Glazing panel formed by assembly of two panes of glass sandwiched with airspace to create IGUs called double-glazed (DGW) of insulated – or three panes are used for insulated called triple glazed (TGW) glass panes separated by a gap and filled by either vacuum or inert gas and the entire system is completely sealed to prevent escape or entry, improve thermal insulation and acoustics. Thermally insulated windows keep the air in a room warm and obstructing cool air from entering and are commonly used in extremely cold climates.
Since a room loses a significant amount of heat through its windows, glazing can play an important role in keeping your home and office spaces warm. NBC 2016 has covered the design aspects and selection criteria on the type of glass (internal and external) based on evaluation parameters like reflectance, solar energy transmittance, UV transmittance and U-Value and at the same time have defined criteria on thickness, size of the glass panel and various related compliances like structural silicone, etc. TGW is fitted into a uPVC or aluminium frame to offer improved insulation and ease of installation.
To decide which configuration is best suited for your space, take your location into account. While triple-glazed windows are ideal for cold environments that barely get sunlight, they are priced higher.
Both configurations, however, offer undeniable benefits (in terms of money and comfort) to your spaces, says Ar. Deshmukh. Energy saving in TGW is approximately (40-50%) more than in DGW, points out Balaggan. Ar. Goel, agrees that the insulating properties of triple glazed windows are about 20 to 30 % better than double glazed windows. Both types of glasses help in reducing energy loads of heating and cooling and hence they are used to achieve energy saving targets in eco-friendly architecture.
According to Schumann, the benefits of using double glazed or triple glazed windows is that each additional piece of glass and air pocket increases the insulation value of the glazing while also reducing the sound transmission through the window. The multiple panels also allow for glazing to be tailored to the installation by providing surfaces to add films/coatings to reduce heat gain, provide colouring or tint, in addition to adding ballistic or security attributes. The result is a marked improvement in energy efficiency and sound transmission over a single pane of glass.
(Balaji Gunasekaran, Associate Director, Katerra Design)
Façade glazing can be categorised into many types based on their assembly and construction tectonics.
Structural Glazing: Structural glazings are glass assemblies that are attached to the structural system of a building like its slabs and columns using adhesives like silicone. These systems give a flushed appearance on elevation with the impression of continuity without frames. Generally, a big glass elevation with neat adhesive joints is visible in such systems. These form a large part of institutional and commercial architecture.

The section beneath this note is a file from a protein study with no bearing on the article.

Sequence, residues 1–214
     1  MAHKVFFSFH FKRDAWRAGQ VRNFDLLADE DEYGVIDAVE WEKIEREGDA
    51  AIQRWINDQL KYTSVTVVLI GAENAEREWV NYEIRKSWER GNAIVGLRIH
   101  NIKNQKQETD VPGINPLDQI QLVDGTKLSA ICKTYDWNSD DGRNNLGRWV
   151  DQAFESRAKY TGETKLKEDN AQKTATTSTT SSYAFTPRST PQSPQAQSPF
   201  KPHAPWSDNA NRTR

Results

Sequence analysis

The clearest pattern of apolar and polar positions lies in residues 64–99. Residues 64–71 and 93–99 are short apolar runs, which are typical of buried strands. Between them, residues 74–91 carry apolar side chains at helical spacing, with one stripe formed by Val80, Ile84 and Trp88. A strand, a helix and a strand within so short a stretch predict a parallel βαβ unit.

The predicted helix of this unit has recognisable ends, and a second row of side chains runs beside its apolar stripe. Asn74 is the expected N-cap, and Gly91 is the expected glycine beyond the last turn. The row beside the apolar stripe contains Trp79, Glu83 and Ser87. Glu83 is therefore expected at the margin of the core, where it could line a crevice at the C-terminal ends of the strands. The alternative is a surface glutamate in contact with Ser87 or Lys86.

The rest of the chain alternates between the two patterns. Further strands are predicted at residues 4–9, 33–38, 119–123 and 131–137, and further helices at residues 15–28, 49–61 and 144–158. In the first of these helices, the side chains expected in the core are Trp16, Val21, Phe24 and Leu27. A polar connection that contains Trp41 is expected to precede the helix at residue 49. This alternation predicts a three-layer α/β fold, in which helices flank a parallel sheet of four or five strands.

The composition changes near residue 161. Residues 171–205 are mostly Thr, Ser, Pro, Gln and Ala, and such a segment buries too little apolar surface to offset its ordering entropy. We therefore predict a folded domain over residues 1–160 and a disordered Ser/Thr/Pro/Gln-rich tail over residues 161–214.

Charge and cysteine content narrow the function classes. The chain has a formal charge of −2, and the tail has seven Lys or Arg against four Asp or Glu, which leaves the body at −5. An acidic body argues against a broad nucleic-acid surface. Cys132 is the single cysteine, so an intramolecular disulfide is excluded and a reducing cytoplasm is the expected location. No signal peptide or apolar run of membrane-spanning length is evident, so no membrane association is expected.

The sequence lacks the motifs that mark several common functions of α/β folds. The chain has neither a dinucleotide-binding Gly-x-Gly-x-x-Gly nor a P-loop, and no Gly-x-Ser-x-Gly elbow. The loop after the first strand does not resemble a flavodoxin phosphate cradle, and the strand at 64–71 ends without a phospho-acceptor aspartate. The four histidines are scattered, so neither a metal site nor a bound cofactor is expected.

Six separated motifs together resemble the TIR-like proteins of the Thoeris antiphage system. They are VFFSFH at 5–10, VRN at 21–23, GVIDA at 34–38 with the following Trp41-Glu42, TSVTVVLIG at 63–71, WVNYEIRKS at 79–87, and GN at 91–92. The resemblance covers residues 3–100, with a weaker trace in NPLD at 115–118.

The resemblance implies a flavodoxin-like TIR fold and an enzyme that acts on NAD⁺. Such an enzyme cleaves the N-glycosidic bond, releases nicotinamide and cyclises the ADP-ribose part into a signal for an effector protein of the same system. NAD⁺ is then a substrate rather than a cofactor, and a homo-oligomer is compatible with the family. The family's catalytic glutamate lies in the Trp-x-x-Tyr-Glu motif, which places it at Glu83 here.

Spider Glazing: This is a type of flushed glazing that is devoid of frames. Glasses in this glazing system are held together with building structure along with 2- or 4-way spider SS bolts. Eventually, the joints between glass modules are filled with silicone sealants or gaskets in such systems. Suspended glazings are used in large retail and commercial façades where a larger footfall of people is expected along with high safety standards.
Fin Supported Glazing: This assembly comprises vertical tempered glass fins for support along with horizontal glass modules fixed to these fins using specific bolt connections. This glazing can be useful for Stone fronts, taller elevations, or areas where the external wind pressure is of vital concern.
Cable Glazing: These are glazings that use tension cables or rods to transfer façade and external loads to the structure of the building. Due to these tension cables, the frame area decreases and the façade become lighter and more transparent. These glazings can withstand higher wind loads without a big frame structure. They can be used in larger retail and commercial areas.
Curtain Wall: These are glass assemblies that span like a curtain between floor slabs of a building. Their assembly consists of frames in which glass modules are assembled to construct a full glass wall. These systems are non-load-bearing and have to support their own weight along with the external wind pressures.